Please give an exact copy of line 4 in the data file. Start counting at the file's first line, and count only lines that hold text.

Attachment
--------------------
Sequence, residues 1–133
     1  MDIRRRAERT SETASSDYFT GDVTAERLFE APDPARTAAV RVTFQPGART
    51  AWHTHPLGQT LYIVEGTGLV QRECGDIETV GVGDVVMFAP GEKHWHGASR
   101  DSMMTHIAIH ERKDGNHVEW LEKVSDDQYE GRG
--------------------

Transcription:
   101  DSMMTHIAIH ERKDGNHVEW LEKVSDDQYE GRG